More support is on the way for older workers to help keep them employed even beyond the official retirement age.
A third of New Zealand's workforce is made up of people aged over 50 years old, while almost half of those currently between 65-69 are in some form of employment.
Just last week, Jackie Brokenshore celebrated her 65th birthday, qualifying for retirement and joining the 'gold card' club.
"I'm still waiting for mine," Brokenshore said.
She's certainly in no hurry and doesn't intend on giving up her job at Unity Books in Wellington.
"It was never my expectation that I would retire until I had decided to," she said.
Allan Osman remembers applying for his job at Bunnings almost 20 years ago.
"I said to them, 'Look, it's going to be my 73rd birthday on Tuesday. If it's going to be a problem, don't worry' and all I got back was 'see you Tuesday'," Osman said.
Osman, who is still working, turns 91 years old in July.
The Government on Wednesday launched an Employment Action Plan to support older workers. It tackles issues such as discrimination and more training opportunities.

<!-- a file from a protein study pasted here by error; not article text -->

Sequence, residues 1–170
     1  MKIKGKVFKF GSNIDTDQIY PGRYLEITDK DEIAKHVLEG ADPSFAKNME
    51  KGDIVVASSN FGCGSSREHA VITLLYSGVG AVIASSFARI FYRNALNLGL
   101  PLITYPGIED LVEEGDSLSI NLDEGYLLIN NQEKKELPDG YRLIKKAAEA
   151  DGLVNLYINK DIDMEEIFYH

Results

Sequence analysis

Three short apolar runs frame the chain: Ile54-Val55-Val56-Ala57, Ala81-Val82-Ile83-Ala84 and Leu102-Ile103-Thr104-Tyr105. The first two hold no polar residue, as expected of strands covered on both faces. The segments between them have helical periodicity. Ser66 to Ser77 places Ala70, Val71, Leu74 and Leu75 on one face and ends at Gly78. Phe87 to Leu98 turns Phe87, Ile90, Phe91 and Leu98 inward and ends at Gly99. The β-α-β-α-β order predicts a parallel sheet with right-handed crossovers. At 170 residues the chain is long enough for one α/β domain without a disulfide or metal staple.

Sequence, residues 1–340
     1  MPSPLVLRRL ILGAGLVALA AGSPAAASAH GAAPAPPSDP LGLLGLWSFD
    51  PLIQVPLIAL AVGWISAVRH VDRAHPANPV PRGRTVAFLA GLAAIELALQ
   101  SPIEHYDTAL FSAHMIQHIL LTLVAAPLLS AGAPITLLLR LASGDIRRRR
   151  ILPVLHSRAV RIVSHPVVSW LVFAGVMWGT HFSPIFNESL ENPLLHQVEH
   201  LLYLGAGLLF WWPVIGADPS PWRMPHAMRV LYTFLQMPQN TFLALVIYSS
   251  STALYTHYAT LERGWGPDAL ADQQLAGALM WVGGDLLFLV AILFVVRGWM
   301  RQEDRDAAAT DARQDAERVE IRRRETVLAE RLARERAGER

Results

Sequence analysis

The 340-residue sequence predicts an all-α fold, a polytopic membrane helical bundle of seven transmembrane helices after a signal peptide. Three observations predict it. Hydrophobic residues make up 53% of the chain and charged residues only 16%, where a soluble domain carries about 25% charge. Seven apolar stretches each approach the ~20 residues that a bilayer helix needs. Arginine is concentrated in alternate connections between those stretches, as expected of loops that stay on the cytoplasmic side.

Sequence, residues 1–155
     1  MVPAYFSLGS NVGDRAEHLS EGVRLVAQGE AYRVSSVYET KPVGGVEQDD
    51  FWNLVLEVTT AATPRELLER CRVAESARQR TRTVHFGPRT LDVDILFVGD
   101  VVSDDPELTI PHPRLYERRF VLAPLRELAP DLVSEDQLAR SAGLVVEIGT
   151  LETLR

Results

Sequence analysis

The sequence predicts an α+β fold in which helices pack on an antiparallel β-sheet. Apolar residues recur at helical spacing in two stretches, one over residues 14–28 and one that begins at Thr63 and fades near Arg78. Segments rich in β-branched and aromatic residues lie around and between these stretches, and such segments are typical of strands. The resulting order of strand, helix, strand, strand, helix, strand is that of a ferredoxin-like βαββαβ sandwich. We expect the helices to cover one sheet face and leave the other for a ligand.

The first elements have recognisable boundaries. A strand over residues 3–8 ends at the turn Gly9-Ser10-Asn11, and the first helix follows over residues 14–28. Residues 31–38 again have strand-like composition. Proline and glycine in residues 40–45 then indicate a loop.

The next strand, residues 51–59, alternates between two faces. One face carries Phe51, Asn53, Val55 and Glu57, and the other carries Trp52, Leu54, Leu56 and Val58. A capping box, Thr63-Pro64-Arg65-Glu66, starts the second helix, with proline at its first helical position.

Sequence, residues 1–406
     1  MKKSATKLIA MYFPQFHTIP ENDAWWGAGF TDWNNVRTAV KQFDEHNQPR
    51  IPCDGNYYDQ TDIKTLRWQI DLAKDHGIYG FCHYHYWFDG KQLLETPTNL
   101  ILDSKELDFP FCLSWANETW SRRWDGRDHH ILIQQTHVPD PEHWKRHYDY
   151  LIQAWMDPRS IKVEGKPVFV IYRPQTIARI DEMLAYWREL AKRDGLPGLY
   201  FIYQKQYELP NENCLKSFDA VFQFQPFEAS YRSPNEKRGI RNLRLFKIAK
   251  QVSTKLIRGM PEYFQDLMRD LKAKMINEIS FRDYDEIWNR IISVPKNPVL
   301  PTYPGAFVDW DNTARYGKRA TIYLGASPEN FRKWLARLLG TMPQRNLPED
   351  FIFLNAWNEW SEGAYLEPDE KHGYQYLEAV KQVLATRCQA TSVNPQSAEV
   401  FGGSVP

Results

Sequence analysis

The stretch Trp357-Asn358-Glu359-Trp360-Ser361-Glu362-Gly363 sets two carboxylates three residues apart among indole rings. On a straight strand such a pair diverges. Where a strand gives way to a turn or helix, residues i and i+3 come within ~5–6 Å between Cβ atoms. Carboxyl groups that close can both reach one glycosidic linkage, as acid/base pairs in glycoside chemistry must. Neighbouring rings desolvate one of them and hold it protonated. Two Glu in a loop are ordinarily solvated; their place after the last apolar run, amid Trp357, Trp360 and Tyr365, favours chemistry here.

Seniors Minister Ayesha Verrall said older workers can face "unique and complex challenges" in finding and maintaining employment.
"Sometimes it's as simple as addressing that preconception that someone is overqualified for a role. You should still meet that person and give them a chance to explain why in their life, at this time, this role makes sense for them," Verrall said.
John Thwaites is 72 years old and a former dairy farmer who now works at Bunnings.
"People probably think 'maybe you're getting a bit senile' but I don't think so," he laughed.
Around 23% of Bunnings staff are over the age of 50.
Petone complex manager Matthew Kimmins said the company has had huge success with employing older people who have plenty to offer.
"Customers see the wisdom and the experience that the senior team provide," Kimmins said.
Verrall defended the superannuation payments as being enough to live on.
"Yes I believe it is," she said.
But with the cost of living hitting a 30-year high, it's certainly not easy.
"That would have to be a consideration. I'm on my own - the bills have to be paid by me," Brokenshore said.
Not all work sectors, including labourers, can continue much beyond the retirement age. However, for those that can and are able to find employment, it's work they are happy to do.
"People need a purpose and I've found mine, so why would I stop?" Brokenshore said.